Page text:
The proposed methods are illustrated with the glass furnace production case,
which threads through the whole dissertation. However, the methods, especially the

134
dimension reduction procedure proposed in Chapter 4, has wider applications to many
business and economics fields.
6.1 Future Work
The proposed common cause chart and special cause chart largely depend on the
model fitted to the Phase I data. Undoubtedly, the estimation error from fitting the model
will add noises to the Phase II control charts. I would like to know by how much the
control charts are affected by estimation error. This research may answer the question of
how long Phase I should be run to collect enough data for constructing robust control
charts for Phase II.
The second branch of future work is to enhance the Box-Tiao method to deal with
more versatile time series models. The Box-Tiao method is based on assuming VARIMA
for the underlying process. How about ARCH, GARCH models? ARCH and GARCH
models have wide applications to economics and financial data. I would like to know
how the Box-Tiao method can be expanded to accommodate these models by applying
the same criteria – ranking components based on predictability.
In Chapter 4, I have discussed several spurious Box-Tiao components. The two-
step combined procedure can partly deal with some of them but not all, for example, the
components caused by lagged linear redundancy. For such problems, a linear cross-
sectional transformation falls short of a solution. It is thus of my interest to further look
into such cases.

135
APPENDIX A
EIGENVALUES INVARIANT TO TRANSFORMATION
For a 2-dimension VAR(1) model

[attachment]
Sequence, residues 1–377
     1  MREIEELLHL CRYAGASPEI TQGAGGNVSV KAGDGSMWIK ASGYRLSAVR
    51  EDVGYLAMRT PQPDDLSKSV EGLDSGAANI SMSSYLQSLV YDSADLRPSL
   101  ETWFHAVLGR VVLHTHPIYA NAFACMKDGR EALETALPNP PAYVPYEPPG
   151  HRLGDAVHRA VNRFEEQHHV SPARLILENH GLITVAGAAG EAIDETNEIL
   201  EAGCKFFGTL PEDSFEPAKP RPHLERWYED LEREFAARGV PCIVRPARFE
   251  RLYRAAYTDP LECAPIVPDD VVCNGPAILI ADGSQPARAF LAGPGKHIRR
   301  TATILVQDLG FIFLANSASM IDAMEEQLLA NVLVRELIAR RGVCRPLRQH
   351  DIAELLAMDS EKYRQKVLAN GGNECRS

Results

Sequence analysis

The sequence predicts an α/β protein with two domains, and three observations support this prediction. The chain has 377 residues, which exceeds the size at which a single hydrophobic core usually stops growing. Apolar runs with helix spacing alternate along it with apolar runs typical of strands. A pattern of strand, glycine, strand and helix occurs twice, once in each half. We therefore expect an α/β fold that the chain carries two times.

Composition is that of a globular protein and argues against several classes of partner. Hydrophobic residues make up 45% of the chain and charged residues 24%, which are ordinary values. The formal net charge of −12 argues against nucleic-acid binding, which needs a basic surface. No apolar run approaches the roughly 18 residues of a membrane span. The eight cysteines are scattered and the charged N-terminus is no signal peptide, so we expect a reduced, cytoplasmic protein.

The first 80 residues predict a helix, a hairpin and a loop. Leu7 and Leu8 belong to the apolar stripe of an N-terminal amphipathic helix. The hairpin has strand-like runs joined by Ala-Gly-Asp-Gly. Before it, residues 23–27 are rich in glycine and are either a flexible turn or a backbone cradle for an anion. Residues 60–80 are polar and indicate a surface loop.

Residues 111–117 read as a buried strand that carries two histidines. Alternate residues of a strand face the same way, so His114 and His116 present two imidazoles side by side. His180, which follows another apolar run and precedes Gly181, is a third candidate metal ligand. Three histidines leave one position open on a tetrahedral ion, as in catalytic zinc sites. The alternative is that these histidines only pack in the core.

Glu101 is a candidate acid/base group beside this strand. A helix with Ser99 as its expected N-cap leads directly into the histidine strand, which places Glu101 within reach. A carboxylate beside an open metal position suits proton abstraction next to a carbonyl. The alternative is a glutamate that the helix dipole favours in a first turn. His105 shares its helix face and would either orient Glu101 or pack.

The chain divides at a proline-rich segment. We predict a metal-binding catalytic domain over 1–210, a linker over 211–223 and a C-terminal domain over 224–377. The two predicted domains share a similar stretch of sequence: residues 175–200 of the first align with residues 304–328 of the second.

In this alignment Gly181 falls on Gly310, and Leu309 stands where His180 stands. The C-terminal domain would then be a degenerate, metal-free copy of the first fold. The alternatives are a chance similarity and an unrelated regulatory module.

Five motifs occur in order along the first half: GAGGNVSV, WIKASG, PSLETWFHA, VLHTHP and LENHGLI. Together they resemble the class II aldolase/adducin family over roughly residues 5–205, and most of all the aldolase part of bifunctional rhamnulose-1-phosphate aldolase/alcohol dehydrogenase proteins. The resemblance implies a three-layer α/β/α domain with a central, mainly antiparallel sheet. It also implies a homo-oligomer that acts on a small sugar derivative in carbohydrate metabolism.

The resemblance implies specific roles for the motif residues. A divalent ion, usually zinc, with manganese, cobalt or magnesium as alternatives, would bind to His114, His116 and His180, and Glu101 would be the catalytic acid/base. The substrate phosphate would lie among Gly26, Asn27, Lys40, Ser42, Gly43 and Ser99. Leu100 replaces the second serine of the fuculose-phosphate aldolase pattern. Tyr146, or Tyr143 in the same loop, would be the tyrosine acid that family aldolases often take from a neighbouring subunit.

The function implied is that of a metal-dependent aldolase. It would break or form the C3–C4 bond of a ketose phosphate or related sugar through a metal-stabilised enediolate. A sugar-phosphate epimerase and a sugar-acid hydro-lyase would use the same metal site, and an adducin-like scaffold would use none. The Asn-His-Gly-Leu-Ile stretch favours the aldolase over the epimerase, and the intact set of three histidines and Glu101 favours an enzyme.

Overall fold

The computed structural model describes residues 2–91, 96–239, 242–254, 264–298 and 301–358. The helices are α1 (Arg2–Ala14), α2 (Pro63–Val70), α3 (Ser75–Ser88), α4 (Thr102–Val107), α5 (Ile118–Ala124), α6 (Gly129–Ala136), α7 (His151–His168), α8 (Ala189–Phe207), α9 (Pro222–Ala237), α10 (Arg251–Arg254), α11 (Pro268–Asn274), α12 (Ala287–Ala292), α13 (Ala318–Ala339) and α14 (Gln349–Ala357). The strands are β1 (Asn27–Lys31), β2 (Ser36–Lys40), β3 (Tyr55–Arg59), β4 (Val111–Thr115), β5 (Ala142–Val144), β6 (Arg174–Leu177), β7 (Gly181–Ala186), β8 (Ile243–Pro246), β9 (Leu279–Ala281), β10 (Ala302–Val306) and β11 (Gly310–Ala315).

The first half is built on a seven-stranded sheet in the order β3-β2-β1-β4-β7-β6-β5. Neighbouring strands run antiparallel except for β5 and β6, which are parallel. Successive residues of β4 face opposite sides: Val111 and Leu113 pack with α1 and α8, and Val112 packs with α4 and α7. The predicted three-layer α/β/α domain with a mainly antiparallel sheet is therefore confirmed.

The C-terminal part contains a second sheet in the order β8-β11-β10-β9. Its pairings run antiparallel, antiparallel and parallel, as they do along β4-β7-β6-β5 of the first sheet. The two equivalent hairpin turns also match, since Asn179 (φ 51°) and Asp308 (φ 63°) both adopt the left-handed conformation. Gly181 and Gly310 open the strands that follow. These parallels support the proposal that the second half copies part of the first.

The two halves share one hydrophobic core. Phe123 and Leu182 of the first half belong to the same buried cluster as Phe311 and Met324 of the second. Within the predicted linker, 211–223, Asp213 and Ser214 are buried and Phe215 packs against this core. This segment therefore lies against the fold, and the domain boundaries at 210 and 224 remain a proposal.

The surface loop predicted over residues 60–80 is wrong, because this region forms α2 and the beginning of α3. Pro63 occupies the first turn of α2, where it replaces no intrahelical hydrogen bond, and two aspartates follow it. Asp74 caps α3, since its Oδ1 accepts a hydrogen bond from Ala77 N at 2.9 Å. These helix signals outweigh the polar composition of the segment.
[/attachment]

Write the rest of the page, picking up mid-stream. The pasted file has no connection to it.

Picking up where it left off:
t t t
a z Φ z + =
−1
~ ~
, we can multiply each side by a
non-singular matrix A on the left,

1 t t t −
= + Az AΦz Aa % % , (A.1)
such that for the new innovation vector
*
t t
= a Aa , we have
( )
*
t
Cov = a I . If we transform
the observation vector as
t t
= y Az % %, then (A.1) can be written as,

1 * *
1 1 t t t t t t

− −
= = + = + y Az AΦA Az Aa Φ y a % % % % , (A.2)
where
* 1 −
= Φ AΦA .
If
i
λ is an eigenvalue of Φ, i.e.,
i i i
λ = Φe e , and we let
i i
= f Ae then,
( )
* 1 1
i i i i i i i i i i
λ λ λ
− −
= = = = = = Φ f AΦA f AΦA Ae AΦe A e Ae f
Thus
i
λ is also an eigenvalue of
*
Φ . Without loss of generality, we can therefore
assume that
2 2 a ×
= Σ I , because for any covariance matrix we can always by a linear
transformation convert it to that form. Further, the eigenvalues, on which our discussion
is mainly based, are the same for Φand
*
Φ .


136
APPENDIX B
ARL CALCULATION FOR RESIDUAL BASED METHOD
If we assume that the time series model is correct and all parameters have been
estimated perfectly, then the residuals are independent. Under those assumptions the
calculation of the ARL for the residual based method is much simpler. Let N denotes the
number of steps after the step shift happens ) ( s t = but before an observation falls outside
the control limits. Let
2
t
T denote the
2
T statistics at time t, and c denotes the UCL.
( ) ( ) ( )
1
2 2
0 0 1
n
t n
n n t
ARL n P N n n P T c P T c
− ∞ ∞
= = =
| |
= ⋅ = = ⋅ ≤ >
|
\ ¹
∑ ∑ ∏

If the process is under control and we have s t p c T
t
> ∀ = > , ) Pr(
2
, then
1/ ARL p = . However, for a step shift with a VAR(1) model that is no longer true.